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Gresham House makes first healthcare acquisition 

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Published: 12 July 2022

Gresham House makes its first major investment in healthcare provision by acquiring elderly care provider New Century Care, as part of its sustainable infrastructure strategy

New Century Care operates care homes across the UK, including Aaron House in Edinburgh (pictured) | Photo provided by Gresham House

Specialist alternative asset manager Gresham House has made its first major investment in healthcare provision with the £21m acquisition of New Century Care (NCC), an elderly care provider operating care homes across the UK, as part of their sustainable infrastructure strategy

In terms of how the investment fits into the firm’s overall strategy, Ruth Murray, associate director, sustainable infrastructure, tells Impact Investor: “We have six main priority areas across the business – digital inclusion, decarbonisation, regeneration, waste solutions, resource efficiency, and finally health and education.”

Up until this points, she explains, the team has invested across all of the other sectors, but this is the “first major investment we have made in health and education. It was the last of our thematic areas to invest in because frankly it’s quite tricky to find the right kind of impact”.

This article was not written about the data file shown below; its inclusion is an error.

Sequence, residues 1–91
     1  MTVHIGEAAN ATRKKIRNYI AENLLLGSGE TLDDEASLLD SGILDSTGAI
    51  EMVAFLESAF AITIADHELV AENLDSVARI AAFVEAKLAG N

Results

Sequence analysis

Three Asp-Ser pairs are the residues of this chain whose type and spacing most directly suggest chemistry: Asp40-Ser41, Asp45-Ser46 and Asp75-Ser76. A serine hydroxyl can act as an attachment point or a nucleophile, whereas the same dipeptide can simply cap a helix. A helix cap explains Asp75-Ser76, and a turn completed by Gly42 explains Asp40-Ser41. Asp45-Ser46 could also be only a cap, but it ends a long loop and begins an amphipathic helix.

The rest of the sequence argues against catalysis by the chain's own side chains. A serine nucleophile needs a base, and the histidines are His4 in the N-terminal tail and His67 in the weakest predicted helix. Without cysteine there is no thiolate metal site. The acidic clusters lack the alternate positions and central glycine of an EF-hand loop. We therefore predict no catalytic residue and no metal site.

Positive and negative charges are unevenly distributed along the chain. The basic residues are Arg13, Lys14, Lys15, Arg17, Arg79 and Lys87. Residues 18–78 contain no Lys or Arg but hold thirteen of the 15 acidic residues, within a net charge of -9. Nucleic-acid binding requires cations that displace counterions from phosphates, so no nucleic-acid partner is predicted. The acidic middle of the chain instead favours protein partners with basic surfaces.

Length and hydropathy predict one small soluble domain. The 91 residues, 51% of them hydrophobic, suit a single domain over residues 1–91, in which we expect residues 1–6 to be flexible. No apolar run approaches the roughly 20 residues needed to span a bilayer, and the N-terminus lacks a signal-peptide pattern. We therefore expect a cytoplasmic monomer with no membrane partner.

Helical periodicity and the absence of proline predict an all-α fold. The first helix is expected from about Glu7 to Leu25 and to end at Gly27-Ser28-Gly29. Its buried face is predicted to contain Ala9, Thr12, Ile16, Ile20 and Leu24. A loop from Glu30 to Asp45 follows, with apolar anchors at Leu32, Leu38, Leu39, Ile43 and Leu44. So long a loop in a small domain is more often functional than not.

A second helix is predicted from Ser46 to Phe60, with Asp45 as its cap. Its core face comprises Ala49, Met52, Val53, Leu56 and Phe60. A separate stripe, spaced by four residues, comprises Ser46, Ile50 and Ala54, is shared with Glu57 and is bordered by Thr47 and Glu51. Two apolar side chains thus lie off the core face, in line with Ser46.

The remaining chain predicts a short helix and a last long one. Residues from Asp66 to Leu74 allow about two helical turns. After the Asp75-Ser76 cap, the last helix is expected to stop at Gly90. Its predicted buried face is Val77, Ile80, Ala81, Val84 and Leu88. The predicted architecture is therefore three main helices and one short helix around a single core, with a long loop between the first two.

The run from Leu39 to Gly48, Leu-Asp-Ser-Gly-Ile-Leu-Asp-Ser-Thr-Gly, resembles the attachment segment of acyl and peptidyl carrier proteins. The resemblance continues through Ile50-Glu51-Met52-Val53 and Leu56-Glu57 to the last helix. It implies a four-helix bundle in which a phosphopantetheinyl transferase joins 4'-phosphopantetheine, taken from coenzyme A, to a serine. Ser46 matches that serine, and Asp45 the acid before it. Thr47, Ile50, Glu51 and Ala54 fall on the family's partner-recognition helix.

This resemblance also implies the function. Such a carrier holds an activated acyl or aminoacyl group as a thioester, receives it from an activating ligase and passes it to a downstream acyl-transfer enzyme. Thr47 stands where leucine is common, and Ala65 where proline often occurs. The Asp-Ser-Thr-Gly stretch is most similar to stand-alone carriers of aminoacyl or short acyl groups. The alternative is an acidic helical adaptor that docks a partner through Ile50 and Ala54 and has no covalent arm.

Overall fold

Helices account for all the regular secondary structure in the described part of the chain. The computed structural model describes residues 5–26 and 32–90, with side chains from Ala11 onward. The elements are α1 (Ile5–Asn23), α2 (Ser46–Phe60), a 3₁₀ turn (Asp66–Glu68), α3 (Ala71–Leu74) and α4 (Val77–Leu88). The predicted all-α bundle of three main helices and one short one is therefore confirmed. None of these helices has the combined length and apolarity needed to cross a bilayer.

She adds: “We didn’t want to be scared away by the scale of the challenge here. We very much wanted to get into elderly care, but recognised the difficulties faced by operators in the past. We chose a responsible and considered approach entering with a high-quality operator.” 

The investment was made in partnership with specialist care and education provider Salutem who “will ensure these investments deliver positive and responsible social impact”.

Sharan Soni, investment manager, sustainable infrastructure at Gresham House, adds: “Our main reason for making this investment is because we believe it is an area where we can have real impact. With 1.4 million older people in the UK without access to sufficient care, residential healthcare urgently needs public and private investment to expand capacity and enhance care.” 

In the past five years there has been only a 0.9% increase in social care capacity in the UK, while the population aged 85+ has grown by 9.1%. By 204, it is expected that there will be over 3 million people aged 85 or over – more than double today’s number. 

Soni continues: “The portfolio we are taking over is a well sized anchor point for entering the space and there is material upside from introducing a high-grade operator. I believe we will get a strong financial return from this investment that fits in with our existing return targets.” 

GH expects to grow the combined portfolio both organically and through strategic acquisitions over the next few years. Future plans are to raise the quality of care including providing specialist dementia care. 

Soni concludes: “This is an anchor investment to build out an elderly care platform focused on delivering improved quality of care and serving a higher acuity of needs.” 

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